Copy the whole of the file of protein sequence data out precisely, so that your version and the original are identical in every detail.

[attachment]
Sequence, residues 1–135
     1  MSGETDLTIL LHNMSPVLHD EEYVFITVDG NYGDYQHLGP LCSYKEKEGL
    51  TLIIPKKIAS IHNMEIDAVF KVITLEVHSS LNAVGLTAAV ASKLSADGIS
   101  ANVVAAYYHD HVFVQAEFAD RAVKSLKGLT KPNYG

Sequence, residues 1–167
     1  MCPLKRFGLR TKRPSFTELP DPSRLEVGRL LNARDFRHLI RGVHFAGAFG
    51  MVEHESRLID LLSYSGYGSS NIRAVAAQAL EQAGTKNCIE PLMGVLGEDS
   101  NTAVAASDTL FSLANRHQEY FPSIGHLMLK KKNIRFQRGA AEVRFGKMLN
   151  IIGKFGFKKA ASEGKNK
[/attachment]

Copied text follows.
Sequence, residues 1–135
     1  MSGETDLTIL LHNMSPVLHD EEYVFITVDG NYGDYQHLGP LCSYKEKEGL
    51  TLIIPKKIAS IHNMEIDAVF KVITLEVHSS LNAVGLTAAV ASKLSADGIS
   101  ANVVAAYYHD HVFVQAEFAD RAVKSLKGLT KPNYG

Sequence, residues 1–167
     1  MCPLKRFGLR TKRPSFTELP DPSRLEVGRL LNARDFRHLI RGVHFAGAFG
    51  MVEHESRLID LLSYSGYGSS NIRAVAAQAL EQAGTKNCIE PLMGVLGEDS
   101  NTAVAASDTL FSLANRHQEY FPSIGHLMLK KKNIRFQRGA AEVRFGKMLN
   151  IIGKFGFKKA ASEGKNK